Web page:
Few artists have this kind of almost limitless back catalog. McCartney cherry-picked the most enduring of his warehouse of underrated Wings hits (“Let Me Roll It” snarled and crackled with electricity), and he was generous with Beatles treasures. A rollicking, raucous relic, “I Saw Her Standing There” was greeted with an eruption of joy. This wasn’t Beatlemania, it was Beatlephilia, an endless love.


“Yeah, you like the up-to-date stuff, don’t you,” McCartney cracked, after pounding out “Lady Madonna” at the piano, with 4,000 voices supplying the high harmonies. This crowd — many of whom paid up to $700 for tickets — knew every note and every word by heart, but no one there had ever heard these songs played with such intensity. McCartney acknowledged the love, repeatedly saluting the audience by grabbing his famous Hoefner bass or guitar by the neck and raising it over his head.


With dual guitarists Brian Ray and Rusty Anderson (both with Wings-era long hair), keyboard player Paul “Wix” Wickens and MVP drummer Abe Laboriel Jr., McCartney has his best band since, well, the Beatles, and they harmonized angelically and rocked ferociously. But the evening had a wistfully elegiac undercurrent, as if McCartney was saying farewell. Who knows when or if we’ll ever get a chance to see him again, especially in such ideal circumstances?


McCartney reminisced about Jimi Hendrix opening a London gig with a cover version of “Sgt. Pepper” just two days after that album was released. He quietly dedicated “My Love” to his late wife Linda, pounding his fist to his heart at the end. And the set included eulogies to John Lennon. “Let’s hear it for John,” McCartney said, introducing “Here Today” as “stuff I might have said to him but didn’t get a chance.” And he picked up a ukulele in tribute to George Harrison, gently strumming “Something,” subtly joined by the full band, climaxing with that melting electric guitar solo.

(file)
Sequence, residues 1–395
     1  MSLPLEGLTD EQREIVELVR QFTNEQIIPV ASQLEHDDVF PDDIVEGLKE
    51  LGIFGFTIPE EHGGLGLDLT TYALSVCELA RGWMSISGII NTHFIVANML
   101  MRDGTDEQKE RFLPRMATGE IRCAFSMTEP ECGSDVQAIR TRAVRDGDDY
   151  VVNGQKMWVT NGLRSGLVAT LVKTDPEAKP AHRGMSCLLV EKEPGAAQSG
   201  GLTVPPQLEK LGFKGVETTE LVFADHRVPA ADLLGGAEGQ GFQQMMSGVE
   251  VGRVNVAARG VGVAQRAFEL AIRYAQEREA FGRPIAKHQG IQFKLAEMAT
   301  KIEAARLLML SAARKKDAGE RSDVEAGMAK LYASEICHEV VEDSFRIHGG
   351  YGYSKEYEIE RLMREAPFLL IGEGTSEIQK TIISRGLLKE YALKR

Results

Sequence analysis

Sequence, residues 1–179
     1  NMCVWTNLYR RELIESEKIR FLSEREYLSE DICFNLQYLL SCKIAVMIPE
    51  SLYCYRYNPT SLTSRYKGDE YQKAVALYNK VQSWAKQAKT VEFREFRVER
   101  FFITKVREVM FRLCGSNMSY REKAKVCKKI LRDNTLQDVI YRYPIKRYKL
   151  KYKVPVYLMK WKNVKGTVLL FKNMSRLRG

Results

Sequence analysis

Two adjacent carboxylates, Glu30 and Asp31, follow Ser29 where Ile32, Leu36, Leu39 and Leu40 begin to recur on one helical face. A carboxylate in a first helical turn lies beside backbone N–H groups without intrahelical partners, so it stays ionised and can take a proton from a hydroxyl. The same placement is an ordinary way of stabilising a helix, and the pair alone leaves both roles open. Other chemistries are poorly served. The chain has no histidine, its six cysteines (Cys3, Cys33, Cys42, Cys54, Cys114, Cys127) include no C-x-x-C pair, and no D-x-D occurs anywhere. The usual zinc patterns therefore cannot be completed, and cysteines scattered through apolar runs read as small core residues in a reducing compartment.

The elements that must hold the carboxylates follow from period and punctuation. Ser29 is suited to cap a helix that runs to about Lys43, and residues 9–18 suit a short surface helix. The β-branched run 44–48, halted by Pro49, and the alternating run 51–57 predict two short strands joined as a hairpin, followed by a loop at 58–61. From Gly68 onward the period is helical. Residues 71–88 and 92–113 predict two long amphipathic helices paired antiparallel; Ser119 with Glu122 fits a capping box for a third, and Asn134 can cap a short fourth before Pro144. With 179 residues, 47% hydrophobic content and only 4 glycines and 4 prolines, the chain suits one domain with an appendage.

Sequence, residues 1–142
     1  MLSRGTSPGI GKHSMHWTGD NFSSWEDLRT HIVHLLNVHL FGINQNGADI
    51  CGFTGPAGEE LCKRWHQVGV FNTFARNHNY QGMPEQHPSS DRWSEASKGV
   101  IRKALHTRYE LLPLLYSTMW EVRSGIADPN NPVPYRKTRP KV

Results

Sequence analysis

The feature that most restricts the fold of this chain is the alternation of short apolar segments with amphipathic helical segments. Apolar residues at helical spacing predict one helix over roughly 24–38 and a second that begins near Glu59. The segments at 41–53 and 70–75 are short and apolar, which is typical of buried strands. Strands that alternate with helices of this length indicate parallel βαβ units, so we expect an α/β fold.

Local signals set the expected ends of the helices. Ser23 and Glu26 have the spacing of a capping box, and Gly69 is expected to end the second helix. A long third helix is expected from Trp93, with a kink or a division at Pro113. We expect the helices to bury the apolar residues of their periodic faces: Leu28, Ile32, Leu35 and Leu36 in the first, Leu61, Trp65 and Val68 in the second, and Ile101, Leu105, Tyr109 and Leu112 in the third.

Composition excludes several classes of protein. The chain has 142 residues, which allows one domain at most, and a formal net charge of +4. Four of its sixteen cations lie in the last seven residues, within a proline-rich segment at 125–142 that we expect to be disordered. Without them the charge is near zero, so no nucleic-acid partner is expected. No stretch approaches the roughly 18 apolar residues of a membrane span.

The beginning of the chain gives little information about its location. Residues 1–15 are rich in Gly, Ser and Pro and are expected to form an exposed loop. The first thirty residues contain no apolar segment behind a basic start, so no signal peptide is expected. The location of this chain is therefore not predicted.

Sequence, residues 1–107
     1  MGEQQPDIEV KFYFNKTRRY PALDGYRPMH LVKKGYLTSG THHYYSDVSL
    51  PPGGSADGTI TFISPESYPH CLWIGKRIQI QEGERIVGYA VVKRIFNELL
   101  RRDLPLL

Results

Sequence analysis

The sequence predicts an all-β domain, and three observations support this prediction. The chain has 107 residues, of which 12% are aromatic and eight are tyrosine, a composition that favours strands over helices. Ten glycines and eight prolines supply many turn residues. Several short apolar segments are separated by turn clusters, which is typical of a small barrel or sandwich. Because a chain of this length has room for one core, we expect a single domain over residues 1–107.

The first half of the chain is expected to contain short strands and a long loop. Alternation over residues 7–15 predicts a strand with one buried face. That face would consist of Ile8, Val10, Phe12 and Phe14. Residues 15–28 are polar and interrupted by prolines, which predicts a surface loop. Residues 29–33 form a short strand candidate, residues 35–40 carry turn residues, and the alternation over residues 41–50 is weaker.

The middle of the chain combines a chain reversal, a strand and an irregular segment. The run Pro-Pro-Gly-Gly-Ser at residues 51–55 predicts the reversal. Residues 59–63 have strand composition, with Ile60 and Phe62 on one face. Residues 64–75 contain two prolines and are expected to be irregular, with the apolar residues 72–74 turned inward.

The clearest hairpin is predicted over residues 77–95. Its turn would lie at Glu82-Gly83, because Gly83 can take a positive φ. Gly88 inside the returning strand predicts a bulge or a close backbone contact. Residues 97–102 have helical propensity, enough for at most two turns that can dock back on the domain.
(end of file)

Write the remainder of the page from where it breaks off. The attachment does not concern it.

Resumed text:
“I’m not half the man I used to be,” he sang during “Yesterday,” on solo acoustic, backed subtly by a synthesized string quartet. But McCartney was singing at the top of his register, now crooning, now wailing, now screaming as he shifted gears through “I Got a Feeling,” “Band on the Run,” “Back in the U.S.S.R,” and something many of us thought we’d never hear, a squalling, seizure-inducing “Helter Skelter,” backed by vertiginous roller coaster footage on a giant screen.


As the show passed the standard Vegas 90-minute end-of-show mark, McCartney seemed to become even more energized. And where any other artist would have considered certain songs unfollowable — who would dare follow “Hey Jude,” with the entire crowd singing along for the extended coda at the top of their lungs? — McCartney kept coming up with more.


At one point it seemed as if McCartney was headed for a big Vegas finish: His comically melodramatic Bond theme “Live and Let Die” was literally the bomb, punctuated by seriously startling eruptions of flame and fireworks, leaving the air dense and hazy with smoke — like the concerts most of us remember.


“We have had a brilliant time at the opening night of the new Joint in Las Vegas,” McCartney said near the end. “We were there, and we rocked. But, OK, this is about the time where we have to go,” he said, to a friendly chorus of boos. “No, we have to go home,” he laughed. “You don’t have to!”


And then, unbelievably, there was even more, and what was next managed to top everything. McCartney and band plunged into the “Sgt. Pepper” reprise, “we’re sorry but it’s time to go...” Which morphed into that drum solo and three-way guitar duel from side two of “Abbey Road.”

And the entire audience singing — and meaning it — “and in the end...”

Hair-raising. Spine-tingling. Maybe I’m amazed.